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Whether parish priests may lawfully enter religion?

Objection 1: It would seem that parish priests cannot lawfully enter religion. For Gregory says (Past. iii, 4) that "he who undertakes the cure of souls, receives an awful warning in the words: 'My son, if thou be surety for thy friend, thou hast engaged fast thy hand to a stranger'" (Prov. 6:1); and he goes on to say, "because to be surety for a friend is to take charge of the soul of another on the surety of one's own behavior." Now he who is under an obligation to a man for a debt, cannot enter religion, unless he pay what he owes, if he can. Since then a priest is able to fulfil the cure of souls, to which obligation he has pledged his soul, it would seem unlawful for him to lay aside the cure of souls in order to enter religion.

Objection 2: Further, what is lawful to one is likewise lawful to all. But if all priests having cure of souls were to enter religion, the people would be left without a pastor's care, which would be unfitting. Therefore it seems that parish priests cannot lawfully enter religion.

Objection 3: Further, chief among the acts to which religious orders are directed are those whereby a man gives to others the fruit of his contemplation. Now such acts are competent to parish priests and archdeacons, whom it becomes by virtue of their office to preach and hear confessions. Therefore it would seem unlawful for a parish priest or archdeacon to pass over to religion.

On the contrary, It is said in the Decretals (XIX, qu. ii, cap. Duce sunt leges.): "If a man, while governing the people in his church under the bishop and leading a secular life, is inspired by the Holy Ghost to desire to work out his salvation in a monastery or under some canonical rule, even though his bishop withstand him, we authorize him to go freely."

I answer that, As stated above (A[3], ad 3; Q[88], A[12], ad 1), the obligation of a perpetual vow stands before every other obligation. Now it belongs properly to bishops and religious to be bound by perpetual vow to devote themselves to the divine service [*Cf. Q[184], A[5]], while parish priests and archdeacons are not, as bishops are, bound by a perpetual and solemn vow to retain the cure of souls. Wherefore bishops "cannot lay aside their bishopric for any pretext whatever, without the authority of the Roman Pontiff" (Extra, De Regular. et Transeunt. ad Relig., cap. Licet.): whereas archdeacons and parish priests are free to renounce in the hands of the bishop the cure entrusted to them, without the Pope's special permission, who alone can dispense from perpetual vows. Therefore it is evident that archdeacons and parish priests may lawfully enter religion.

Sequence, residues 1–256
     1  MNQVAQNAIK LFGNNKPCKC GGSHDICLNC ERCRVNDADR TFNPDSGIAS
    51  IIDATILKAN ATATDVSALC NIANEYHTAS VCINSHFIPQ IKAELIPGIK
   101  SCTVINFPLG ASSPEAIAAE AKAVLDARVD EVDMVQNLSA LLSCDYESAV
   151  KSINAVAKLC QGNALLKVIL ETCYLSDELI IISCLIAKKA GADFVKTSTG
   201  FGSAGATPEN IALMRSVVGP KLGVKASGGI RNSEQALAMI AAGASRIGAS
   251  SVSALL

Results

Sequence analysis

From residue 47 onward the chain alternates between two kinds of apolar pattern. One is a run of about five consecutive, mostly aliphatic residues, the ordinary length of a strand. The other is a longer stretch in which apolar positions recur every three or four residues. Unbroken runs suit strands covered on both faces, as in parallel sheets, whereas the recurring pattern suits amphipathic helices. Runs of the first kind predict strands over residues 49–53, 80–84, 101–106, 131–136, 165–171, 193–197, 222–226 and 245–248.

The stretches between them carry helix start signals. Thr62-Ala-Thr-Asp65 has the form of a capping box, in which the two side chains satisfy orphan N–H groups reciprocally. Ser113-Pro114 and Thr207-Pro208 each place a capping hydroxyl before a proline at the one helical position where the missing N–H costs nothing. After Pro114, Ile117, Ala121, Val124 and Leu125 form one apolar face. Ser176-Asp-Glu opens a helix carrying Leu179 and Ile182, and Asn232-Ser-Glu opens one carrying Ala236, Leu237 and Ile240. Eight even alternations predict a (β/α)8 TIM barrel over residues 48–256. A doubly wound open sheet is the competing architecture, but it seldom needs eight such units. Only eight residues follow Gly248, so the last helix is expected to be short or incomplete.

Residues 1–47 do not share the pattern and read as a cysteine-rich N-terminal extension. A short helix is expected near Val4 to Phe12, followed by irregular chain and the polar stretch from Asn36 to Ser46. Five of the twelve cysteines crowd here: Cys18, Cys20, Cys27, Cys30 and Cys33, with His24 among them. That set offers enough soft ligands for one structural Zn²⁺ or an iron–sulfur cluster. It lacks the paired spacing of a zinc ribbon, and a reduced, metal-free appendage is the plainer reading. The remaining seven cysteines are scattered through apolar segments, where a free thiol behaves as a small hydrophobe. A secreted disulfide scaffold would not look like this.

Reply to Objection 1: Parish priests and archdeacons have bound themselves to the care of their subjects, as long as they retain their archdeaconry or parish, but they did not bind themselves to retain their archdeaconry or parish for ever.

Reply to Objection 2: As Jerome says (Contra Vigil.): "Although they," namely religious, "are sorely smitten by thy poisonous tongue, about whom you argue, saying; 'If all shut themselves up and live in solitude, who will go to church? who will convert worldlings? who will be able to urge sinners to virtue?' If this holds true, if all are fools with thee, who can be wise? Nor will virginity be commendable, for if all be virgins, and none marry, the human race will perish. Virtue is rare, and is not desired by many." It is therefore evident that this is a foolish alarm; thus might a man fear to draw water lest the river run dry. [*St. Thomas gives no reply to the third objection, which is sufficiently solved in the body of the article.]

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